General mayhem; a free-for-all fight.
'Battle royal' may refer to a conflict in which many are involved or be simply a general reference to an intense conflict. In the latter case 'royal' is merely added as an intensifier. Whatever the meaning, there has never been any actual regal involvement implied. The 'royal' is invoked to mean 'a battle fit for a king' as opposed to 'a battle involving a king'.
The term was used particularly to refer to cockfighting, where large numbers of birds were sometimes engaged in 'battle royal' fights to the death. However, the first citations of the phrase don't relate to cockfighting explicitly, so whether the expression originated with cockfighting and then became a more general term for raucous fights isn't clear. The first known record in print is from James Howard's comic play All Mistaken, or the Mad Couple, 1672:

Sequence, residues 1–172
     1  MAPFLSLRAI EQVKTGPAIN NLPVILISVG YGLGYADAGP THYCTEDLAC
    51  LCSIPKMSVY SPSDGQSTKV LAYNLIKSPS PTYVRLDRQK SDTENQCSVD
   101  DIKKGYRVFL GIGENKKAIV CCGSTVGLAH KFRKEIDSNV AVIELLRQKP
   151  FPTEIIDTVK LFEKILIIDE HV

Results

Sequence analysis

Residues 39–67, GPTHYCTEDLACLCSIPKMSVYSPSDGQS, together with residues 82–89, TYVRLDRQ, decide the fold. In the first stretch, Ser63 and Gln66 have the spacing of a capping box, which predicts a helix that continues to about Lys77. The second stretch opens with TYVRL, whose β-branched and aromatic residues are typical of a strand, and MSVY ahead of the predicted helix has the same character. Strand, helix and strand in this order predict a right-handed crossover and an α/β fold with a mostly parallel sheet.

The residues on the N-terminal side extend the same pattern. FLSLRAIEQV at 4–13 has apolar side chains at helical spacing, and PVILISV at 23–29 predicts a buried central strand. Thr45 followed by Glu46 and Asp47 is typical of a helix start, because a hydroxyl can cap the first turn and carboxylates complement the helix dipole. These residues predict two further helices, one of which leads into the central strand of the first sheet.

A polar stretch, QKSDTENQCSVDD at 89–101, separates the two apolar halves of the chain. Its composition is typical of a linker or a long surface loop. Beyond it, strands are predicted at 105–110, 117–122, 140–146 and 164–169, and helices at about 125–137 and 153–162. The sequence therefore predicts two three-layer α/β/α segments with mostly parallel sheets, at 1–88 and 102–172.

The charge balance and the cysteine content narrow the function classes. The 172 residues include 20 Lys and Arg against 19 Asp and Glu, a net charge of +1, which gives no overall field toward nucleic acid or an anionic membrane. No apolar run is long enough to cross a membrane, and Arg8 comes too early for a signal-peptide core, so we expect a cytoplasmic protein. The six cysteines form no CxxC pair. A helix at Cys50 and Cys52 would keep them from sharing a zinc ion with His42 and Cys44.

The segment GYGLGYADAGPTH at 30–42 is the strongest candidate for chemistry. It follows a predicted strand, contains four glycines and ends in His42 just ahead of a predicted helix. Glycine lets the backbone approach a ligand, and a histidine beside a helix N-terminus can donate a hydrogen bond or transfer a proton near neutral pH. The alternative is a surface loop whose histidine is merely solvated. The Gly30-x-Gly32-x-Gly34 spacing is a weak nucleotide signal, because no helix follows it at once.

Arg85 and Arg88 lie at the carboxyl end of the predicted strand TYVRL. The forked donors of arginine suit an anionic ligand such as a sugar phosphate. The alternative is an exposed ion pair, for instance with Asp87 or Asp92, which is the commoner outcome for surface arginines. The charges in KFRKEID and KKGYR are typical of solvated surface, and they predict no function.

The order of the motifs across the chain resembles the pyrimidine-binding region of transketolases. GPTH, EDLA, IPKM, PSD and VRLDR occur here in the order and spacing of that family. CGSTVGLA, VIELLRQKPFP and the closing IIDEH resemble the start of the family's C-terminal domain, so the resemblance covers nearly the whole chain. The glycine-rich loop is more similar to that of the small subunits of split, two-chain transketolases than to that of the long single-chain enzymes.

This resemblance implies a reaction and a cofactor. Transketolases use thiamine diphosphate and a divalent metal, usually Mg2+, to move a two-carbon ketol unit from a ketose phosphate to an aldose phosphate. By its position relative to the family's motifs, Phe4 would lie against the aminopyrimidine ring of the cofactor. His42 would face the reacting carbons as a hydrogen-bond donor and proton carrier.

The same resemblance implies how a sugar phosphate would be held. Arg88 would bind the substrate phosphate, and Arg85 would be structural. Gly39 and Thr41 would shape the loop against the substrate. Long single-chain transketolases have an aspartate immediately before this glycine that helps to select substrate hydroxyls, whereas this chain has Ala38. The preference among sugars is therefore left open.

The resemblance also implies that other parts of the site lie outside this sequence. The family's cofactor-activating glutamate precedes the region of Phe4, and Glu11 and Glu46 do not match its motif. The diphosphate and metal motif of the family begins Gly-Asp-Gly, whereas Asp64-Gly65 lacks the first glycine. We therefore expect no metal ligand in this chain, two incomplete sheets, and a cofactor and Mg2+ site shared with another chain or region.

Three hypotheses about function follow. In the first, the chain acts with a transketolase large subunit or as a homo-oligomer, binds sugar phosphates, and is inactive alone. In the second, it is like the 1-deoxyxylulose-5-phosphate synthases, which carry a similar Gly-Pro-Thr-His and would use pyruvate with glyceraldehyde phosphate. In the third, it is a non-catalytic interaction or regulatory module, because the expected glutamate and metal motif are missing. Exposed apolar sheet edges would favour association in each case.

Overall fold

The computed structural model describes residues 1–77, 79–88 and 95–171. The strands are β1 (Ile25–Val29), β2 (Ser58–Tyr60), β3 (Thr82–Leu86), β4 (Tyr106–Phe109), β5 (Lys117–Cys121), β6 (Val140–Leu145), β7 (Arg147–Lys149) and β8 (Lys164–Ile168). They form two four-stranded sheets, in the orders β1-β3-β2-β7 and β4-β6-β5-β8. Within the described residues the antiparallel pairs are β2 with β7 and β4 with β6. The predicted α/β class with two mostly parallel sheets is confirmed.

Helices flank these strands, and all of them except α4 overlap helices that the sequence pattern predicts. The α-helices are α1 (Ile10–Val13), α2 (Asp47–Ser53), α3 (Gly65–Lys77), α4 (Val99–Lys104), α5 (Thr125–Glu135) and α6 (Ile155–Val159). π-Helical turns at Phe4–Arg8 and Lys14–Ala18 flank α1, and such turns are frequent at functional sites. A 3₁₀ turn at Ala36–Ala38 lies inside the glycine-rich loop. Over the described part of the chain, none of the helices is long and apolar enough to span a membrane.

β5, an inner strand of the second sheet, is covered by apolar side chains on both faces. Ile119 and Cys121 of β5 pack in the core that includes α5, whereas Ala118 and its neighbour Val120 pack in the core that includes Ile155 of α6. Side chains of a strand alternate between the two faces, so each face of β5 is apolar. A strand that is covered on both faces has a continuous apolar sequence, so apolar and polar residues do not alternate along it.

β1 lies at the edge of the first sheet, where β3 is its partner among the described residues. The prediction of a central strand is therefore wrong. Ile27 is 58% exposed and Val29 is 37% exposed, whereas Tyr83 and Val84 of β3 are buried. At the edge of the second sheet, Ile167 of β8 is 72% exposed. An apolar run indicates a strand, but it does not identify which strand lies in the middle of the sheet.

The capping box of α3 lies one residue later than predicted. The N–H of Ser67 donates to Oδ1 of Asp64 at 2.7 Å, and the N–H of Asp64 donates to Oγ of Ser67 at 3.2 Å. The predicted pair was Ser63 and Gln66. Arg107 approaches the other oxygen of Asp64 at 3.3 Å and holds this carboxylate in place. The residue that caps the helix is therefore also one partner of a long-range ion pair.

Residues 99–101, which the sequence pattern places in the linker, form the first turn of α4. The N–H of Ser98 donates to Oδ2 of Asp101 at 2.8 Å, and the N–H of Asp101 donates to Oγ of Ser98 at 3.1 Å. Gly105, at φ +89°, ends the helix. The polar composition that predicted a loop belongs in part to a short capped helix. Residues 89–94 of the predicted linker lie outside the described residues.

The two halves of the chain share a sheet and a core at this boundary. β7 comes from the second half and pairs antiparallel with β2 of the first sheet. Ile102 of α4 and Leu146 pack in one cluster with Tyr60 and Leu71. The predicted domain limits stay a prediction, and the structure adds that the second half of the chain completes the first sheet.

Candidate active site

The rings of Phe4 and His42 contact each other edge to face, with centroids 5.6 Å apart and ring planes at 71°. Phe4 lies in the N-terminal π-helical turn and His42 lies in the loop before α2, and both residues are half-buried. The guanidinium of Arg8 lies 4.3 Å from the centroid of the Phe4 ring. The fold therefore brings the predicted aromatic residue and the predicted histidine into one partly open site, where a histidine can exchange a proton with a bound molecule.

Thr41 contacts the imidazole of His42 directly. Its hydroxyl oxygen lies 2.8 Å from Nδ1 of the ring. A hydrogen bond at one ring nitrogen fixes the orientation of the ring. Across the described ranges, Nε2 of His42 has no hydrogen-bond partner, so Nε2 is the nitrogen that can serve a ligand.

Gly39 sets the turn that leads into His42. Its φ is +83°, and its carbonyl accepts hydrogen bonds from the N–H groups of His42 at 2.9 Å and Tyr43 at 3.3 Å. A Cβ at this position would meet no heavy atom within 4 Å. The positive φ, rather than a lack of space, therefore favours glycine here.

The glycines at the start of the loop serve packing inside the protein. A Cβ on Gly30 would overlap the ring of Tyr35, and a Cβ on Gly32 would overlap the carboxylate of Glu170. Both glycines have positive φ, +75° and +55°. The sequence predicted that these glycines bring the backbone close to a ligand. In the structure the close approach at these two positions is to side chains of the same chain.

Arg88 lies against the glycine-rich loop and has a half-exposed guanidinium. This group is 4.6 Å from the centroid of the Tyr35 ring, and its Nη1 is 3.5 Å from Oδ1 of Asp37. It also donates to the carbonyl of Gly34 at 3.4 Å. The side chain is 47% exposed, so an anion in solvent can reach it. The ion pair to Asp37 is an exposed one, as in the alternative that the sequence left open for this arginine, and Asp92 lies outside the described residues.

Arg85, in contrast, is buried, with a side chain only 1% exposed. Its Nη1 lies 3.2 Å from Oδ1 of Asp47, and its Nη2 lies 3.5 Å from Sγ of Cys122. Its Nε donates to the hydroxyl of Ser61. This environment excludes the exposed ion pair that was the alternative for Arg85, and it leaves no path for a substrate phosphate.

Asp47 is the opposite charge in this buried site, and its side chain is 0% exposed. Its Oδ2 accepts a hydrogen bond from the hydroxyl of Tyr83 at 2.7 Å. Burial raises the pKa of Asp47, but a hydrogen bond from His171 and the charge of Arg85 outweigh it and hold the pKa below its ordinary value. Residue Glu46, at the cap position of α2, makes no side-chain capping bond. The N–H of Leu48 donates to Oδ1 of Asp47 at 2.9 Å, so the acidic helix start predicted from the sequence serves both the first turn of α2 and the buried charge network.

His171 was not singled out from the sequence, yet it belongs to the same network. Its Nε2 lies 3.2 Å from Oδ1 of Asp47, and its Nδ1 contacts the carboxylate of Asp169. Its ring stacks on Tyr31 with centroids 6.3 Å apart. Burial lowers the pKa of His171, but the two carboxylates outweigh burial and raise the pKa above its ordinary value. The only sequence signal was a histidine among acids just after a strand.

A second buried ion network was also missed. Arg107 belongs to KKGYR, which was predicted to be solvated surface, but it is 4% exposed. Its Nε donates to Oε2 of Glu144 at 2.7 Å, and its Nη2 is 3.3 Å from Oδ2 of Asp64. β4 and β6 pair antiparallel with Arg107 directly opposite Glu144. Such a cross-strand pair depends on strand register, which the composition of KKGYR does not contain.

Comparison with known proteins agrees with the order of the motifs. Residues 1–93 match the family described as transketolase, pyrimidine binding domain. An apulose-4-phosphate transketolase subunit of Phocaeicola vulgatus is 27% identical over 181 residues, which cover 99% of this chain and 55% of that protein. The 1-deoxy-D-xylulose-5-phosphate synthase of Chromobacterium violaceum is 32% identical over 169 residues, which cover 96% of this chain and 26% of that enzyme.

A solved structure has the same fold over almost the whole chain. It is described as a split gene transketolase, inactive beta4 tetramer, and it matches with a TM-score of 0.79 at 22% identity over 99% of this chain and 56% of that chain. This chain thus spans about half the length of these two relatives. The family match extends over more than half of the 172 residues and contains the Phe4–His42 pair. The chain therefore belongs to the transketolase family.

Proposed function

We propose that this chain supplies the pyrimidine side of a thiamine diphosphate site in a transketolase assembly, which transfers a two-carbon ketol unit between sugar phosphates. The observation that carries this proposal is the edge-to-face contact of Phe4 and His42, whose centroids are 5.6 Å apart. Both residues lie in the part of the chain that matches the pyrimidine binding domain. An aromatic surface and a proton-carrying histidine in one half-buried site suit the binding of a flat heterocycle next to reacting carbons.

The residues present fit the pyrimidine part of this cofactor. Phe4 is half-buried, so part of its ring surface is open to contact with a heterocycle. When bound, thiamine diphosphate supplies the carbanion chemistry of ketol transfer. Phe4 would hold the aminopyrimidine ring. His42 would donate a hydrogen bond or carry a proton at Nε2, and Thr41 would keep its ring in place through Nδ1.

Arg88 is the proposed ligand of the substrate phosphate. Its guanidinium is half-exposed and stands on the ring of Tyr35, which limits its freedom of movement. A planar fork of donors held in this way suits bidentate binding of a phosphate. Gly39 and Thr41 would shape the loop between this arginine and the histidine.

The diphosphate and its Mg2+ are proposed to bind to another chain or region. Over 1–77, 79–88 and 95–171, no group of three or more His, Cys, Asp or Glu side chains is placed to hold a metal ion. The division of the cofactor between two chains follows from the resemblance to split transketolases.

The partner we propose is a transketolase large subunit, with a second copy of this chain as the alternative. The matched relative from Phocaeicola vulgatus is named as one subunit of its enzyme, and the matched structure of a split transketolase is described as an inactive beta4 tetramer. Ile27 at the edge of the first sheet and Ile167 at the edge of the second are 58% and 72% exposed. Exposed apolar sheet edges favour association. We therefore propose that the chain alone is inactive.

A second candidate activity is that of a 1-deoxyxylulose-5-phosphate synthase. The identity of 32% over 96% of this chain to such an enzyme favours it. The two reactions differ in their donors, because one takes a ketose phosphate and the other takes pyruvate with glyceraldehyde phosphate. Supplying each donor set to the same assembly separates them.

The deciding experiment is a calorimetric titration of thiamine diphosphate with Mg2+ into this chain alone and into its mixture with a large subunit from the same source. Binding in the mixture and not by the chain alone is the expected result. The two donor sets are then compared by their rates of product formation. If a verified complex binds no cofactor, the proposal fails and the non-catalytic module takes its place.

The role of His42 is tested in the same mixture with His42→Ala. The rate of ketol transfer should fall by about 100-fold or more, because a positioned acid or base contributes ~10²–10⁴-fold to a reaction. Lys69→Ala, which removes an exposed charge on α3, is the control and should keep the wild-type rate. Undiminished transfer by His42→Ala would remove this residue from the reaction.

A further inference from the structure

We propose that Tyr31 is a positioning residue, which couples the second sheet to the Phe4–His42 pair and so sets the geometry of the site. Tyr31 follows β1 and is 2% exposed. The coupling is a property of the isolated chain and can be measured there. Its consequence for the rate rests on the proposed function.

"Hist - now for a battle-royal."
The first citation that refers directly to cockfighting is General Thomas Perronet Thompson's Audi alteram partem, 1857–61:
"Cockerels crow across a ditch, till they get up a battle-royal."